The Economist – wrong on France

Take a look at this. It’s from a recent (March 2017) leader in The Economist on France:

It makes some very bold statements, among other things that:

  • ‘its vast state, which absorbs 57% of GDP, has sapped the country’s vitality’
  • ‘a quarter of French youths are unemployed’
  • ‘living standards are stagnant’
  • these problems have been built up over decades’

But none of these statements is true.

First, French productivity, even after adjusting for its higher unemployment, is the best in the world and has been so for decades.

Secondly, French youth unemployment is not 25% as a percentage of the age cohort: it’s 4% for 15–19 year olds and Chart 4 shows it’s 13% for 20–24 year olds


That’s higher than for some rich countries but it isn’t a quarter of the youth population. (It’s about the same as the UK for example).

Thirdly, living standards are not stagnant. In fact they’re been rising very sharply in the last decade:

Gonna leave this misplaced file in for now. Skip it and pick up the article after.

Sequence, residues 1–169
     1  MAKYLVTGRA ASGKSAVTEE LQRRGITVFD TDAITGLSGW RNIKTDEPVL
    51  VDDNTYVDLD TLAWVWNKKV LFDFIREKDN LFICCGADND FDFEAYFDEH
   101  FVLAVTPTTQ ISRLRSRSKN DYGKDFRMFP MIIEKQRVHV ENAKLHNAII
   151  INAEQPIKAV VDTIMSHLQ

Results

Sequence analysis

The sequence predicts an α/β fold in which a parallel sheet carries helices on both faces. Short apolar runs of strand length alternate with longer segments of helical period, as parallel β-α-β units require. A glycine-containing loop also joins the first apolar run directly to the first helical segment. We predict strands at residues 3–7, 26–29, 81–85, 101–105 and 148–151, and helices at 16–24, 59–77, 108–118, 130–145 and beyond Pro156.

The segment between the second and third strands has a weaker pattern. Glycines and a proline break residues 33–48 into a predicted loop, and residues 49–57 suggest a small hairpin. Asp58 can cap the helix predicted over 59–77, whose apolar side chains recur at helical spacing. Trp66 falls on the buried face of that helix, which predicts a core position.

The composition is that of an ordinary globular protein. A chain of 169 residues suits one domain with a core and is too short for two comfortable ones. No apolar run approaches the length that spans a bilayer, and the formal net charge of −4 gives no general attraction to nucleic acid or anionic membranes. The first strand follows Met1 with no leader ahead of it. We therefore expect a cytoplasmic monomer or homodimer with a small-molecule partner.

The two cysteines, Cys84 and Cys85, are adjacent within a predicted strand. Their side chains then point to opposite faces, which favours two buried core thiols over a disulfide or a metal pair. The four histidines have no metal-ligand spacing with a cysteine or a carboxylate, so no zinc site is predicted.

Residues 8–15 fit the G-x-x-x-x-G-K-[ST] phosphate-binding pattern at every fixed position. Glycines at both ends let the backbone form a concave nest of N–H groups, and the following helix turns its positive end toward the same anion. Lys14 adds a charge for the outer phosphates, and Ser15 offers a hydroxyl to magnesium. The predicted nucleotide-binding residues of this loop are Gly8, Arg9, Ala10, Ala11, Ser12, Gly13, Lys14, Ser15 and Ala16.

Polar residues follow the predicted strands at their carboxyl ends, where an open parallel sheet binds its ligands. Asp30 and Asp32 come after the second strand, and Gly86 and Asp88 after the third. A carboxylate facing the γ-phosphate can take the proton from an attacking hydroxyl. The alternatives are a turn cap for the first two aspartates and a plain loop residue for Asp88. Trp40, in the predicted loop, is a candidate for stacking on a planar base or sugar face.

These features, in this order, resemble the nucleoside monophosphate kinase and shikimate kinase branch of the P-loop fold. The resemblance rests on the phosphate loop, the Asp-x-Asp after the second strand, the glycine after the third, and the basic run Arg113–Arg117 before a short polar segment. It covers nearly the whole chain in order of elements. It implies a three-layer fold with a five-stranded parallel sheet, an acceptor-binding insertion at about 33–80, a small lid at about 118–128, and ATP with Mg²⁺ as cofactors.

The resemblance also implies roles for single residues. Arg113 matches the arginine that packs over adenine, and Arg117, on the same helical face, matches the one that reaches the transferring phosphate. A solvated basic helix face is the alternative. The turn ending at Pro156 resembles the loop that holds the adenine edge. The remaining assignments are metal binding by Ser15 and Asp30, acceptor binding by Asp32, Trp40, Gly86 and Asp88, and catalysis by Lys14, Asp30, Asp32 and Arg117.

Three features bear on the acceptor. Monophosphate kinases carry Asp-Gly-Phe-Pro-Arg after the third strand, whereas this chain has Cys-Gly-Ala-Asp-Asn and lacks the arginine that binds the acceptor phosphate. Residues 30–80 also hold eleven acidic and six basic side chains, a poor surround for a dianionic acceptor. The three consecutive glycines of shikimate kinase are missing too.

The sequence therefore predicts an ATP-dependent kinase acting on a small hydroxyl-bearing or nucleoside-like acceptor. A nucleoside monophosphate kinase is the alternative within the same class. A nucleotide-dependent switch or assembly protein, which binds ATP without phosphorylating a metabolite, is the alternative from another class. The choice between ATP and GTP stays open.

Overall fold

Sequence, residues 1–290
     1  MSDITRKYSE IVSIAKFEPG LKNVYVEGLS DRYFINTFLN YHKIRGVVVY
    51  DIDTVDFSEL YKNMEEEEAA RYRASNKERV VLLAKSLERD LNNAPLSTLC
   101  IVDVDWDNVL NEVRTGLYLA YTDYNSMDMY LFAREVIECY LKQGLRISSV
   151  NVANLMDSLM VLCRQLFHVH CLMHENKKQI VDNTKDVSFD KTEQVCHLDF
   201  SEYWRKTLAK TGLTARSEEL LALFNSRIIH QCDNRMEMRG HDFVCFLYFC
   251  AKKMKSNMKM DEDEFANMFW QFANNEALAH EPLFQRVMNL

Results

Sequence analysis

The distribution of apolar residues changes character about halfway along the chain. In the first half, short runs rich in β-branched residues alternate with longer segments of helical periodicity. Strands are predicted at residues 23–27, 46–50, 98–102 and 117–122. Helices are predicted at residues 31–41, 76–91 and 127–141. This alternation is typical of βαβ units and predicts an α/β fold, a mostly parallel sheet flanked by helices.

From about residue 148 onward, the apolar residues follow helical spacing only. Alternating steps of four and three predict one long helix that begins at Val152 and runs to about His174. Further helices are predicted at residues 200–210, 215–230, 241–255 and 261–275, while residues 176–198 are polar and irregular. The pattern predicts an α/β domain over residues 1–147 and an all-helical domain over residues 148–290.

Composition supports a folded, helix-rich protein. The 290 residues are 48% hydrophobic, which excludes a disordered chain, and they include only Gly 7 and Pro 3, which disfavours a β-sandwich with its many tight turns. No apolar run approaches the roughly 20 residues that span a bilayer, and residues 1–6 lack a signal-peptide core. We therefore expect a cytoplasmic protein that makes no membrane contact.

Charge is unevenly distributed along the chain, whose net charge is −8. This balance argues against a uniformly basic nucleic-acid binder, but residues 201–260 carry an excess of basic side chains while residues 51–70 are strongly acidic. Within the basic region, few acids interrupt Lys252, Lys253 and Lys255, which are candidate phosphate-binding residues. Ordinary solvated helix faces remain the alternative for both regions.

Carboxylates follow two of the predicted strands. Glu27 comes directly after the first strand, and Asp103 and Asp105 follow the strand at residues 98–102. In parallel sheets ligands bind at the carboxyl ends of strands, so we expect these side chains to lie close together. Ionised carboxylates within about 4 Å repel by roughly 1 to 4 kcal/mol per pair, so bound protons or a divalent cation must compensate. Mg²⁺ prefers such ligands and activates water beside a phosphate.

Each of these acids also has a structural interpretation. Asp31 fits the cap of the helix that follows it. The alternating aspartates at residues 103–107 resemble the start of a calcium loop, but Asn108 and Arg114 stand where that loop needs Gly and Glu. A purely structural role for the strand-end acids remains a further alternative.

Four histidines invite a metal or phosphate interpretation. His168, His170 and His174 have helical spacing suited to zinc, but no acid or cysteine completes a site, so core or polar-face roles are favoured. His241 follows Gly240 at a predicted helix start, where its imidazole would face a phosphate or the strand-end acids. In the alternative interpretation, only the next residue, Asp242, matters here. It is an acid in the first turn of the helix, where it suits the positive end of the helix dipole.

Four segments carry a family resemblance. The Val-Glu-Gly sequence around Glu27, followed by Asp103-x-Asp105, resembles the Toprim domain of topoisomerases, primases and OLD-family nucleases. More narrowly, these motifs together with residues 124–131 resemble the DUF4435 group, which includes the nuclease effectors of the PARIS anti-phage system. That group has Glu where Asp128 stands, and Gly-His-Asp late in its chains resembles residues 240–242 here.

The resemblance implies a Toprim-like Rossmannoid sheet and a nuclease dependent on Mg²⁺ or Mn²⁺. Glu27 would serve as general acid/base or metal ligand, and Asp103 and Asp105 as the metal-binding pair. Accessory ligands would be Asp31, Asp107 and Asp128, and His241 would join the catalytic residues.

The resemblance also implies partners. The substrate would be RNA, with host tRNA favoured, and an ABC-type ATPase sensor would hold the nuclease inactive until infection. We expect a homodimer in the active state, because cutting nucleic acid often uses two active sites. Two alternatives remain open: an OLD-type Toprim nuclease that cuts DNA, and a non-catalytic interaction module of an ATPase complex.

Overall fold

We might add that: (fourthly) its age dependency ratio is in better shape that most other rich countries because it’s working age population is growing, (fifthly) its healthcare system rated the best in the world by King’s Fund and (sixthly) its education system is considered to be the best in Europe for science and technical education. Seventhly, its public debt and budget deficit is lower than in the US, UK, Italy, Japan etc, (eighth) household savings are very high, (ninth) the trade position is in balance and (tenth) life expectancy is among the highest in the world.

Of course it’s true that registered unemployment among prime age adults is high at 8% but its labour participation ratio at 88% also much higher than other countries. If you add prime age adults who are not in the labour force (19% in the US!) to the registered unemployed (who are) you can see that France’s true unemployment is actually lower than America’s and only 3% higher than in the UK or Japan for example.

We need to get the facts right – not because France is better than anywhere else – but because if we want to make sensible investments (and policy) we need to need to follow the evidence, and not our own preconceptions.